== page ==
“We have to make money — this has to be economically feasible,” Marx said of his employer Aachener, which is still in the financial black though rent rates that continue to reflect the local index. ”But that’s not our main focus, which is to provide residential space for those who might not find it otherwise.”

The Aachener Development and Real Estate Company, whose land settlement branch was founded in 1932, owns about 25,000 apartments in total across Germany, all of which it maintains on a social, yet self-sustaining basis.

Marx said he hopes that other businesses will see the viability and payoff of projects like this one and follow suit: “I hope that in ten years, ventures like this are so normal, that no one will be talking about it as something special anymore.”

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Germany: Real Estate Intelligence: Spotlight – Germany

Germany with a population of more than 80 million and a nominal GDP of over 2.7 trillion Euros is Europe’s largest economy. The inbound real estate market is characterized by decentralization around the “Big Six” cities (Berlin, Cologne, Düsseldorf, Frankfurt, Hamburg, and Munich) and had an investment volume of approximately €37 billion Euros in 2012.

As an investment platform, the German open ended funds industry is of particular importance. German open ended funds have presently more than 120 billion Euros of real estate assets under management – in Germany and all around the world. This article briefly outlines the basic legal landscape for real estate investments in Germany from a foreign perspective as well as some information about open ended funds and recent tax developments. Please feel free to contact our German real estate team if you want more information. (more)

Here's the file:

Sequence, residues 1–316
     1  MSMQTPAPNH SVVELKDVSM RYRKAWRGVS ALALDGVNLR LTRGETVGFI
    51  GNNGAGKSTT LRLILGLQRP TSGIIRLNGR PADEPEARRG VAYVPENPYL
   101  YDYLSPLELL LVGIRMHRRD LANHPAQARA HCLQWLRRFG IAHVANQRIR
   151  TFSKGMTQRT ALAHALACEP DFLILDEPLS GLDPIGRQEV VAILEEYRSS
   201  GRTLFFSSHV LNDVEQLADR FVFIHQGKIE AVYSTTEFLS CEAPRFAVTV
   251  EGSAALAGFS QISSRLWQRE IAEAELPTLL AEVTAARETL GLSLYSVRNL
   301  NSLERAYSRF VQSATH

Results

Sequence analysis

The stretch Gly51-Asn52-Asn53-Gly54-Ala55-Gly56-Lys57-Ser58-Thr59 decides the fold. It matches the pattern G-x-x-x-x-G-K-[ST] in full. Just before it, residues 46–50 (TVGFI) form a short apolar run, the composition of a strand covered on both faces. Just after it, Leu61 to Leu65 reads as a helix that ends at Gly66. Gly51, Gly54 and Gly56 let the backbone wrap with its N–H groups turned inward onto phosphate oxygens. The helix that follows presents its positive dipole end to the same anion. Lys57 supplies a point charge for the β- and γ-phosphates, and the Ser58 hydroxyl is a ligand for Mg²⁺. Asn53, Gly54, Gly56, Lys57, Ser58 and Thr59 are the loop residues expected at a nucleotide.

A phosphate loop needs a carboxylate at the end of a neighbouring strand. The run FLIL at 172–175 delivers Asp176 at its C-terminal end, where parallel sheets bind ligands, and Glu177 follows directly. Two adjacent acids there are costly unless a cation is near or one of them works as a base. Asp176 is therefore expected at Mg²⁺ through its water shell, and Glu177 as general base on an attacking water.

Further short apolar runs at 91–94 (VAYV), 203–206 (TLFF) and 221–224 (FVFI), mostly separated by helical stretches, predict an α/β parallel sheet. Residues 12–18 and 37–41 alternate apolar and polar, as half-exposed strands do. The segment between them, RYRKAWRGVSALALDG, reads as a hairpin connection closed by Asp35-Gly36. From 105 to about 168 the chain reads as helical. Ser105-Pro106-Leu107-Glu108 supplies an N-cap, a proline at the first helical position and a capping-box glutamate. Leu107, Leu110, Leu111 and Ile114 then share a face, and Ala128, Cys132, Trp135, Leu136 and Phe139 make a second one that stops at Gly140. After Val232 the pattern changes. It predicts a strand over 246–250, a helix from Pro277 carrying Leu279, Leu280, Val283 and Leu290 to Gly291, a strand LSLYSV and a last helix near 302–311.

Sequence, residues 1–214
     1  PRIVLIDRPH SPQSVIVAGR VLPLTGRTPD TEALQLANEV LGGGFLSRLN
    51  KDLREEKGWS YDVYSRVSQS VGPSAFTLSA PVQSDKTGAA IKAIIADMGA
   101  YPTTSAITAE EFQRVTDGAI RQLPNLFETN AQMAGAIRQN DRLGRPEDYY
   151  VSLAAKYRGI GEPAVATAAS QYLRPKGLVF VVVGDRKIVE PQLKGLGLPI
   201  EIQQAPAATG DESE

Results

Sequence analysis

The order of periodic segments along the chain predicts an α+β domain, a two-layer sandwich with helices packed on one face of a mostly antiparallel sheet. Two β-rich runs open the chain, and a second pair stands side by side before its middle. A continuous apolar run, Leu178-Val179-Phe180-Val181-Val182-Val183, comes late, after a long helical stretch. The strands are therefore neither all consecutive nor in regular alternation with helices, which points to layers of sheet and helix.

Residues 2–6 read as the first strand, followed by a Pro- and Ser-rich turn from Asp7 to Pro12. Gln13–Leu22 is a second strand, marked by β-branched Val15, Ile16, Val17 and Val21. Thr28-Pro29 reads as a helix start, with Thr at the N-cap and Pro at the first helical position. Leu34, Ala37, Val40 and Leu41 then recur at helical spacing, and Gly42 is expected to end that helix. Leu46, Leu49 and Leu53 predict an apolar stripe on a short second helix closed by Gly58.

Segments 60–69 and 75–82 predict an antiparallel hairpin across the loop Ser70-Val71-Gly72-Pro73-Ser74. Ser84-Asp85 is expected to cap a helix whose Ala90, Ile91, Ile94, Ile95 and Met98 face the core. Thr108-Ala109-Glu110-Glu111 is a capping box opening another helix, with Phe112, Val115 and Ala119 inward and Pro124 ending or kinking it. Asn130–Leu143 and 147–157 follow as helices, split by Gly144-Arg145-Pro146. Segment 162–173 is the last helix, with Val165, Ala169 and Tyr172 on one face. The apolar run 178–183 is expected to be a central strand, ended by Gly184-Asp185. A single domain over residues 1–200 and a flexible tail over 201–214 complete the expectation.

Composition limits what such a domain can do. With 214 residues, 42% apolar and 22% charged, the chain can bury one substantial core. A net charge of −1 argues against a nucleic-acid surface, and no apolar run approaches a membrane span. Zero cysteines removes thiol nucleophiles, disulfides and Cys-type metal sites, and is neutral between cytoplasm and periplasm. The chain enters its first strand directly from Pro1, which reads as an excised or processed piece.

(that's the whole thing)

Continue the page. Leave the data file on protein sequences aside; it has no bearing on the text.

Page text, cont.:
Europe’s hottest startup capitals: Berlin

Berlin has been the most talked-about (and talked-up) startup hub in Europe for several years. However, a backlash of sorts has emerged over the past year, with some asking when Berlin will produce an exit of global significance. Of course, there have been successful exits: Jamba in 2004 ($273 million/£180 million), Brands4Friends (€150 million/£129 million) and Citydeal (€130/£109 million) in 2010, and DailyDeal in 2011 (around €130 million/£109 million) are evidence that Berlin can deliver. “People expected it just to happen, but it takes three to five years,” says Sven Schmidt, a venture partner at Accel.

Jörg Rheinboldt, an early-stage investor and long-time observer of Berlin startups (he sold his ecommerce site Alando to eBay in 1999 for £28 million), has been advising the German government on tech. Recently, he’s noticed a growth in accelerators and incubators, such as Axel Springer’s Plug & Play, Berlin Startup Academy, The Factory and initiatives from companies such as Mozilla, Microsoft and Google, as well as an increasing number of events and ­conferences. And there’s easier access to capital — Berlin attracted €173 million (£145 million) in VC funding last year.

But some of the companies that have been seen as exemplars of the city’s standing in the tech scene, such as SoundCloud, have yet to make money. Rheinboldt sees a coming together of maker events and hardware: “It’s super early but I have the impression that there will be more startups that are hardware oriented.”